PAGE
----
The most successful technology shifts are embraced from the bottom up, as well as the top down—they’re driven by people. The buy-in from staff is mission-critical. The opportunities for growth and improvement for all need to be communicated clearly and openly. Imagine a service engineer hearing predictive maintenance is to be deployed. “That’s going to put me out of a job” would be a common reaction—even if closer questioning found them in need of new inspiration and working methods and open to new opportunities.
Digital transformation is like many other big change projects all about winning the hearts and minds of the people who are actually going to enter the data or use the system hands-on. It needs to be managed on a human scale. We all understand that no amount of short-term savings will make our jobs, or businesses, more secure if the firm isn’t staying competitive in the long-term. Positioning digital change as a strategic, rather than tactical decision, is vital.
The IFS research, which surveyed 750 organisations globally, found that a third of companies are still ‘unprepared to deal with the digital skills gap’. Smart businesses are already spotting potential data candidates like our service engineer above, who have the appetite and skills to expand their role. How can companies bridge the skills gap affordably, sustainably and creatively?
There are three elements to succeed with digital transformation—technology, investment and people. The technology aspect is often mastered most successfully, as it is driven by technology experts with clearly dedicated areas of responsibility. The main question is whether you are focusing on the right technology to drive transformation at the right time. Do you want to be the pioneer taking risks or can you afford to stand still and instead jump on the bandwagon when the technology is more mature?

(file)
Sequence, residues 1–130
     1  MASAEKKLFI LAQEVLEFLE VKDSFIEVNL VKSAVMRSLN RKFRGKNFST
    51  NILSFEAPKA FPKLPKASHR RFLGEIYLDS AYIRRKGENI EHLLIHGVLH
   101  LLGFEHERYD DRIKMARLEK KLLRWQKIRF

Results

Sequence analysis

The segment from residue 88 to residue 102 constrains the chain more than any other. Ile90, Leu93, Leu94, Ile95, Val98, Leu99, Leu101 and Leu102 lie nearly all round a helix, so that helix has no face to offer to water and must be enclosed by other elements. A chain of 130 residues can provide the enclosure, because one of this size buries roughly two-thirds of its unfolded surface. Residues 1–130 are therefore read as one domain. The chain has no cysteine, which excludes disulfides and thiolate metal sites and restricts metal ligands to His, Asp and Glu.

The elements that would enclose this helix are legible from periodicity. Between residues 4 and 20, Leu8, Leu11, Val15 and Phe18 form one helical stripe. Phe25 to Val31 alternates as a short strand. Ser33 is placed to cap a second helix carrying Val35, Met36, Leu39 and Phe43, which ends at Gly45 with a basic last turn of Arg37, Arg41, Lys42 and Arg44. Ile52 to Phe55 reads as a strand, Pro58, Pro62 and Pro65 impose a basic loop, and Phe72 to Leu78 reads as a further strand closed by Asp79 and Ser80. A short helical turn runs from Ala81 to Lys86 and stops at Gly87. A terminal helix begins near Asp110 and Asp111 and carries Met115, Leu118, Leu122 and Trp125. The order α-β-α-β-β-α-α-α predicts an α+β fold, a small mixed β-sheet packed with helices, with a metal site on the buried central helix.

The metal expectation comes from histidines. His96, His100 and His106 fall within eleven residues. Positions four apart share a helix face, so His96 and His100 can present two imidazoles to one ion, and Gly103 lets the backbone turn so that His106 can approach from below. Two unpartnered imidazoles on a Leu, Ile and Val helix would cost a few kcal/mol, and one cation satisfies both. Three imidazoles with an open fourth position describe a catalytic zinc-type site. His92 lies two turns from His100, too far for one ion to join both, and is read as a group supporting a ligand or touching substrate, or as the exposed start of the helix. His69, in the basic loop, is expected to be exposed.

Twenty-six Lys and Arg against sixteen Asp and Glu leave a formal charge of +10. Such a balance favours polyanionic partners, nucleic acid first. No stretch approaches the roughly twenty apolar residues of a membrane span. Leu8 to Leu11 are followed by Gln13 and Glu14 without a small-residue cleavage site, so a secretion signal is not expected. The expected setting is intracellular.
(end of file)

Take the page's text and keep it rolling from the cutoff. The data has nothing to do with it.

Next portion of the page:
Regarding investments, manufacturers tend to think that they are investing enough in digital transformation, but are they focusing on the right areas? The results indicate that there is a heavy focus on process efficiencies, so there could be a need to steer the focus towards more innovation-focused investments.
Finally, people is the factor that is most often forgotten in the digital transformation process. This is important from both a talent and communications perspective. If over 40 percent of companies view ‘aversion to change’ as the main barrier to embracing digital transformation, employee communications is of utmost importance to make sure that your staff know the purpose of change and how they are affected.
So it’s high time to ask: Where do you need to focus to strengthen these elements and be successful in your digital transformation?
Antony Bourne is the Vice President of Global Industry Solutions at IFS.
Source: Global Manufacturing